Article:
5 min read

Is Today "the Shake-Out Day"?

Cutting to the chase.... with the major indexes all down 3% an hour after the opening bell, here's what I sent out on Twitter:

Do I know for sure that stocks won't just keep plummeting into the abyss? No.

But I just want to point out that the trading action of yesterday and today is a good example of what happens when people get really scared (which is want we want to see for an actual bottom).

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I call it a "shake out" day. Here's the setup...

Yesterday: The stock market rallied very hard.

All year - up until a week or so ago (the latest Fed meeting and rate hike) - investors and traders would have jumped all over that rally on the following day, in hopes that it was the start of a bigger multi-day or multi-week affair.

But we've also had 9 months of bear market "negative reinforcement." At this stage of the game, most folks are finally conditioned to expect that all rallies - no matter how hopeful they begin - eventually fail.

So what did everyone do today when presented with yesterday's 3% one-day rally?

Today: Sell, sell, sell right at the open. Get out while you can.

I guess my main point - don't give up the ship just yet.

Today could easily be a "shake out" day where the market plummets hard early in the session. And then later - or at the opening bell on the following day - begins to show signs of life and 'market positivity' again.

With that in mind, I'm going to use today's weakness to add a couple more positions to the goodBUYs portfolio:

Palantir Technologies (PLTR): The term "data mining" and AI - artificial intelligence - is almost passe now, but that's what Palantir does.

The company's "gotham" platform detects patterns among diverse sets of data that would otherwise be impossible to note, or the correlation would seem entirely random (and easily dismissed).

Palantir has numerous customers within the US and allied intelligence and counter-terrorism enforcement communities. The US Army is a customer, for instance.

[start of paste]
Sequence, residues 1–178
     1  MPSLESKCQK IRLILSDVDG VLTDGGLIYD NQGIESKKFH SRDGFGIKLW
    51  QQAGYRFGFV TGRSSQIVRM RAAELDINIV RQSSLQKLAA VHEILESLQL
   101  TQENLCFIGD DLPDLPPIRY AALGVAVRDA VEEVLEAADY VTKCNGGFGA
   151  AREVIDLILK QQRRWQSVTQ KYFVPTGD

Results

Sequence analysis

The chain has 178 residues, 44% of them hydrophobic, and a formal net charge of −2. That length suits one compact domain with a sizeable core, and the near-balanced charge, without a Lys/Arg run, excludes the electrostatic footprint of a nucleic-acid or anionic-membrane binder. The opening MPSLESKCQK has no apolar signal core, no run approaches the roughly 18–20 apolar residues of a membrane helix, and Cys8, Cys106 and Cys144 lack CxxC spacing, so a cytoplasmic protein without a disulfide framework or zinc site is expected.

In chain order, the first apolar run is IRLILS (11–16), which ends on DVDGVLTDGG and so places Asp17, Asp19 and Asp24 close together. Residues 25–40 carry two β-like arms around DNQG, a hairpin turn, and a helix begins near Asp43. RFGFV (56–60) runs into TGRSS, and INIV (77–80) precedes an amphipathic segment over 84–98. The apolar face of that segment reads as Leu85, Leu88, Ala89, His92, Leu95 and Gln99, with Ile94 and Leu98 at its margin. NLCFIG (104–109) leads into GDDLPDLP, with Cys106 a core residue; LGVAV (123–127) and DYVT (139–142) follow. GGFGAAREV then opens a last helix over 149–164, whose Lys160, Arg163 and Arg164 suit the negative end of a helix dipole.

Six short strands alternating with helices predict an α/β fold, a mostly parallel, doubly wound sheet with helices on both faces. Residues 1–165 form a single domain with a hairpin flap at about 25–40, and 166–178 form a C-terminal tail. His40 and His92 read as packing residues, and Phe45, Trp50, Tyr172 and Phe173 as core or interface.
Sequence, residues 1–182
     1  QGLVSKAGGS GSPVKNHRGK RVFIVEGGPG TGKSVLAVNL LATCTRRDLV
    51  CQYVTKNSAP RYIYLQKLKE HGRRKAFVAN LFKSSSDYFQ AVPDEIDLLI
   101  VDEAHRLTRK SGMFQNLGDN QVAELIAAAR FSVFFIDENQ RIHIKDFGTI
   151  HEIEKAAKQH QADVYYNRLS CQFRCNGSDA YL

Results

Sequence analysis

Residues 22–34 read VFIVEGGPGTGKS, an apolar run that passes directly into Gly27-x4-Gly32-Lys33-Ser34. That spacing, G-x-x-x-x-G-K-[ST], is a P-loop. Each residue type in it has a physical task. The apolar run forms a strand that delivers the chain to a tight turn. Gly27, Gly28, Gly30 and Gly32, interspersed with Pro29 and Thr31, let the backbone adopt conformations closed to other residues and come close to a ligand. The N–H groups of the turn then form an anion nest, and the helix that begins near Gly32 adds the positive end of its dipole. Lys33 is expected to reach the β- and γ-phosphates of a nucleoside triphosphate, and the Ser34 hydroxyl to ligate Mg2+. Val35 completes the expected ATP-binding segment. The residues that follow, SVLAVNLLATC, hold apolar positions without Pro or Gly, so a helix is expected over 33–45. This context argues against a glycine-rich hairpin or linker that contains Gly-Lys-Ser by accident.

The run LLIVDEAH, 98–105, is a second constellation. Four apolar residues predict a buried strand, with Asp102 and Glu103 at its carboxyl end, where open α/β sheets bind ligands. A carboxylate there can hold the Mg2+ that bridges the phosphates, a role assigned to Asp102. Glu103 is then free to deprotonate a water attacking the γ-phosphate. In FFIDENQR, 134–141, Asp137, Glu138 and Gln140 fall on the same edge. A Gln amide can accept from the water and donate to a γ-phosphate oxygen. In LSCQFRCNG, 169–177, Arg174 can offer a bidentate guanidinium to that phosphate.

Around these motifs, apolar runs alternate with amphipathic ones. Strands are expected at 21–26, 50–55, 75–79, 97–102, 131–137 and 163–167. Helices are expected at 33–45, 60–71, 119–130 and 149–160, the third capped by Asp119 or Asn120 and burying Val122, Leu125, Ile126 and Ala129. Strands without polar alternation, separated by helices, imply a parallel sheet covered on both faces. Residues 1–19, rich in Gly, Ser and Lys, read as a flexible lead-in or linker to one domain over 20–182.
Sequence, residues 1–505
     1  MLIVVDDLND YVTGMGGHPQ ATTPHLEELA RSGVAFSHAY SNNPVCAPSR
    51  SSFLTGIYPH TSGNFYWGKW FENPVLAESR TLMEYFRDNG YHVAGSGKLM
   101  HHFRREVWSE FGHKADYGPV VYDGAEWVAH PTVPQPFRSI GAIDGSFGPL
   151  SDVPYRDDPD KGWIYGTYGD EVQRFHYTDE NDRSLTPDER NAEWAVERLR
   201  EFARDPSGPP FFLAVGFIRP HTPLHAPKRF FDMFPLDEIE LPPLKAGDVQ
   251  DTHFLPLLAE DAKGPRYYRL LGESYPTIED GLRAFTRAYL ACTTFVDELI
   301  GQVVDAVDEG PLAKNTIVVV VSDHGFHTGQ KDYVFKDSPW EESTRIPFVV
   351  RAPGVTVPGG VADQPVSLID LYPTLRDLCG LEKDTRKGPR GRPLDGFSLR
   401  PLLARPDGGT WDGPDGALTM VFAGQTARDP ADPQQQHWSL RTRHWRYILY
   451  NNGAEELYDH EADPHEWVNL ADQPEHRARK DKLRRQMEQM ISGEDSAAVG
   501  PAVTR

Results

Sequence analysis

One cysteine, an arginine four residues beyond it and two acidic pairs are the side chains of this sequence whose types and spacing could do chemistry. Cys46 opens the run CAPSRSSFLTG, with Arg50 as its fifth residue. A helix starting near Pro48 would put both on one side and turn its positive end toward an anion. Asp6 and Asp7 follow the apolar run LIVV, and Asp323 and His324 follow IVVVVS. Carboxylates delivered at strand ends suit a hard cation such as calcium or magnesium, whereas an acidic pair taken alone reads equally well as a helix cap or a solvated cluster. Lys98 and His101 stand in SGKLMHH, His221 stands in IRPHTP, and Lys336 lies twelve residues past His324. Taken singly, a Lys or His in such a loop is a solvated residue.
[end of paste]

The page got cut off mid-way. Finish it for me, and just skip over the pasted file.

Palantir also deploys the platform for commercial customers eager to develop important insights from reams of marketing data and other behavioral or economic studies. For example, Hyundai Heavy Industries is a customer. So is a firm called Beckett Collectibles.

I remember when my former colleagues at WealthPress were very interested in this stock a few years ago. Thing was, it was a $40 stock and overvalued in my opinion.

These days, Palantir is an $8 stock and looks a lot more attractive, in my opinion:

So why add the stock to the goodBUYs portfolio?

Partly, I like the chart and the opportunity to do a little bottom-fishing. Palantir's share price hasn't touched a new low since early May. As I keep saying, that's a good sign of strength in the midst of a bear market storm.

It's also hard to argue with its sales/revenue growth, which is rising in a nice steady fashion:

But one of the reasons I was slow to warm up to the stock a few years ago, is that Palantir's profits (analysts like to use non-GAAP results) - while growing fast, are starting from a small base.

That was a concern with the stock at $40. But at $8...the shares look a lot more attractive from a valuation perspective:

  • $0.05/share for 2022
  • $0.16/share for 2023